They designed it carefully, released it, and now it sells in quantities that would make Bill Gates jealous.

So, can we do the same thing for content? If we could, it’d be a lot easier to gain rankings, get attention and maybe even get compensated for the stuff we produce.


Internet Marketing with Ian Lurie

by ian

A thought that’s been germinating in my head for some time: People want content that does the same thing. If you can produce online content – text, ebooks, video, whatever – that makes folks want to read it the instant they glance at it, you can get a major internet marketing win.

Apple’s example

Apple sells gear that almost everyone wants. Every laptop, phone and other gadget they design has… something that just make folks happy when put their hands on it. No one can say exactly why, but I suspect a lot of it is the fact that their devices are designed and built with a very specific user in mind. They cater to that user, tailor the entire design around her, and then launch the product.

The iPad is a perfect example. I own one, but I usually skip it in favor of my Kindle – I’m more of a hardcore reader. But I’m not the user Apple was thinking about when they designed the iPad. They were thinking about folks who don’t need a full-fledged laptop, want an easier form factor and touchscreen simplicity.

They designed it carefully, released it, and now it sells in quantities that would make Bill Gates jealous.

So, can we do the same thing for content? If we could, it’d be a lot easier to gain rankings, get attention and maybe even get compensated for the stuff we produce. Leer más “Can we do content like Apple does hardware?”

Is Microsoft Ceding the Tablet Market to Apple?

Someone should let Microsoft know that waiting to join the multitouch tablet game, a year and a half after Apple revolutionized it, just isn’t going to work this time.

This news isn’t coming from Microsoft itself, so a healthy dose of salt should be applied. The source is Jeffries analyst Katherine Egbert. She has been speaking to Microsoft’s General Manager of Investor Relations, so the estimate is pretty close to the horse’s mouth (and may, if anything, be a little optimistic).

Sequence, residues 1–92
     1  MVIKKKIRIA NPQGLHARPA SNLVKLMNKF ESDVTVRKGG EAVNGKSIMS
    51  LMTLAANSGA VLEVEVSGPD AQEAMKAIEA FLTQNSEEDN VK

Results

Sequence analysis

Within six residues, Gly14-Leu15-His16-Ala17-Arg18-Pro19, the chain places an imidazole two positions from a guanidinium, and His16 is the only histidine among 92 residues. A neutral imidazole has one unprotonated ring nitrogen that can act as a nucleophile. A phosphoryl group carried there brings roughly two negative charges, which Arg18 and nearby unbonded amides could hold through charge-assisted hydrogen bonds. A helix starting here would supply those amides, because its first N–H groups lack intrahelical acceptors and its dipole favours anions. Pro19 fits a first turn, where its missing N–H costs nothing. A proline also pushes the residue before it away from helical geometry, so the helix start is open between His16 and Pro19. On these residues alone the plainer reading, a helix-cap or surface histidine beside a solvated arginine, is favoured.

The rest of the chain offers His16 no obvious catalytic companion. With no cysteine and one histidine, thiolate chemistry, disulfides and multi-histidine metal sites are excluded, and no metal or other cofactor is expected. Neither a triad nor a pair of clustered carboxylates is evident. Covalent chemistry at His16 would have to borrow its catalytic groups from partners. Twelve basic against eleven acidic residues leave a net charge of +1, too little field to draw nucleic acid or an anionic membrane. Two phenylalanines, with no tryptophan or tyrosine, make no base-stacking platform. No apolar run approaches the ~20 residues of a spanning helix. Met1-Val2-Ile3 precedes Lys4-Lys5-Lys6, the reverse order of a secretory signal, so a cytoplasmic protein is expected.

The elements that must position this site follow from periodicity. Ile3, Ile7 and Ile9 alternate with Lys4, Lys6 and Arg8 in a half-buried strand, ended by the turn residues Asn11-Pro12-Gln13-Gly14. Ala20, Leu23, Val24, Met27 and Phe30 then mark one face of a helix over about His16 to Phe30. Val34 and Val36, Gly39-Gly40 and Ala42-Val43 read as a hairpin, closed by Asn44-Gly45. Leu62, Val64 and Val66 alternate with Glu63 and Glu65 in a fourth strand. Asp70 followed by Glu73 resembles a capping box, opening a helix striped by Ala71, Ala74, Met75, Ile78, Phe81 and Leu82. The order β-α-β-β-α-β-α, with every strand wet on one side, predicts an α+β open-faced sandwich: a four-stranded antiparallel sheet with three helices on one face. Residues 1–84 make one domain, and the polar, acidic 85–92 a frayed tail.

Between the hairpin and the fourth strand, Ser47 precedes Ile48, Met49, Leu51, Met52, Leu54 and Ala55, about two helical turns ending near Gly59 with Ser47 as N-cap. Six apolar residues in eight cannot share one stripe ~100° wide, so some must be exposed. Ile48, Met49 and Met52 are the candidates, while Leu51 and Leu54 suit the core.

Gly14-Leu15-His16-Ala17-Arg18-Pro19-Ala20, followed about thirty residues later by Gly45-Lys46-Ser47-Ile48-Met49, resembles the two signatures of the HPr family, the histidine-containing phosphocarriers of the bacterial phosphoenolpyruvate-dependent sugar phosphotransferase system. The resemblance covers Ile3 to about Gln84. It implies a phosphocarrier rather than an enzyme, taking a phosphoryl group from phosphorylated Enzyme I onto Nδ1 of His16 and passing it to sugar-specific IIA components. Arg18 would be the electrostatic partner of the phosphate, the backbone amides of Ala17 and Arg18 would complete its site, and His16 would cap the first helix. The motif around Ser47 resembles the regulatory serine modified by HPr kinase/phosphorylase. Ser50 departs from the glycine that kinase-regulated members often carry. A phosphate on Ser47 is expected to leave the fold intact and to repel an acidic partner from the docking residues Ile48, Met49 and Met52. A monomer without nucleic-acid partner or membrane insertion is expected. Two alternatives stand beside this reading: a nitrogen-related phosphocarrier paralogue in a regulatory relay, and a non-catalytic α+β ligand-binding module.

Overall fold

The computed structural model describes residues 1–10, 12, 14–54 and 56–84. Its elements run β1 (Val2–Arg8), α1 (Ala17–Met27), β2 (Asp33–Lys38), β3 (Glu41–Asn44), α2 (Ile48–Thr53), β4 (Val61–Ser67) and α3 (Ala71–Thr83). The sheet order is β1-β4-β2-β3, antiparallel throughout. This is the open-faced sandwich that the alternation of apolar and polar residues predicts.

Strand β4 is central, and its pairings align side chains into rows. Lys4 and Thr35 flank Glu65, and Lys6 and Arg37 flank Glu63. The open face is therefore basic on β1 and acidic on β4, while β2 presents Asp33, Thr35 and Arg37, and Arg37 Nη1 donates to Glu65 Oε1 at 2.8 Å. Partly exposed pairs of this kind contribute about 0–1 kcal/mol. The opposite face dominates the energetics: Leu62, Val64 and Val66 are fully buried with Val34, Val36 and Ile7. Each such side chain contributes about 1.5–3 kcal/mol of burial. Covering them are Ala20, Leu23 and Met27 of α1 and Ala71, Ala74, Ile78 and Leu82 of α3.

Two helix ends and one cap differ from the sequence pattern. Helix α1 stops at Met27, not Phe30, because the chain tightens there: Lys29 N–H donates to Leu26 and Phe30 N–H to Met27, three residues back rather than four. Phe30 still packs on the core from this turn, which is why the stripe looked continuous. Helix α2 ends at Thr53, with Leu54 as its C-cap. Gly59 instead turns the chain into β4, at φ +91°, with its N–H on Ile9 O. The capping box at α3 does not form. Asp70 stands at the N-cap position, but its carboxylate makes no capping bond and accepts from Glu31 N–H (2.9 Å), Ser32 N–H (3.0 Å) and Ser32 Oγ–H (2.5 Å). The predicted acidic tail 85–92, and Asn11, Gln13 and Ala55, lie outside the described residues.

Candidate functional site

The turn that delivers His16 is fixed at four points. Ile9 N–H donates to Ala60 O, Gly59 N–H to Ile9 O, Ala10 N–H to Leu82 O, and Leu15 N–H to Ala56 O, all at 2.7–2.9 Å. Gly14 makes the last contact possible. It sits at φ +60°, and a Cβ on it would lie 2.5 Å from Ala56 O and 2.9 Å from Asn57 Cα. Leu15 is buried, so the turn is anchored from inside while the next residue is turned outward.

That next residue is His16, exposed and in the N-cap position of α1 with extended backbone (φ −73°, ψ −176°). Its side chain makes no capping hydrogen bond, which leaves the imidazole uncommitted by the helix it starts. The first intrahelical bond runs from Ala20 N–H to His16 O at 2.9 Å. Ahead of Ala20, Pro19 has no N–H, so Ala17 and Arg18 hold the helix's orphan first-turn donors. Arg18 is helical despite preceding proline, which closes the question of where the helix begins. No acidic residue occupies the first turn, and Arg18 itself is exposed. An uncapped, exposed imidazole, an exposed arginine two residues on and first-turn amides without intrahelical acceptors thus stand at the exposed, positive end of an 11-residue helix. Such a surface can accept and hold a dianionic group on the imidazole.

The problem is Windows 7, which is absolutely not optimized for a tablet’s touchscreen interface–particularly in a world of multitouch gestural interfaces. To see proof of this, look no further than Steve Ballmer’s fumbling demonstration of HP’s slate PC prototype from January of 2010. Ballmer’s fingers repeatedly skitter past the tiny finger-unfriendly icons on windows.


BY Kit Eaton
http://www.fastcompany.com/1692351/microsoft-surrendering-the-tablet-pc-race-to-apple-no-windows-tablets-til-mid-2011

Microsoft tablet

Someone should let Microsoft know that waiting to join the multitouch tablet game, a year and a half after Apple revolutionized it, just isn’t going to work this time.

This news isn’t coming from Microsoft itself, so a healthy dose of salt should be applied. The source is Jeffries analyst Katherine Egbert. She has been speaking to Microsoft’s General Manager of Investor Relations, so the estimate is pretty close to the horse’s mouth (and may, if anything, be a little optimistic).

The problem is Windows 7, which is absolutely not optimized for a tablet’s touchscreen interface–particularly in a world of multitouch gestural interfaces. To see proof of this, look no further than Steve Ballmer‘s fumbling demonstration of HP‘s slate PC prototype from January of 2010. Ballmer’s fingers repeatedly skitter past the tiny finger-unfriendly icons on windows. Leer más “Is Microsoft Ceding the Tablet Market to Apple?”

Ballmer’s bonus slashed due to Kin failure

Ballmer saw his nice, fat bonus slashed in the wake of the failure of the Kin and the Microsoft tablet efforts. The bonus was cut despite the fact that Microsoft had its biggest year ever. Reuters report that the bonus Ballmer received was $670,000, equal to his salary.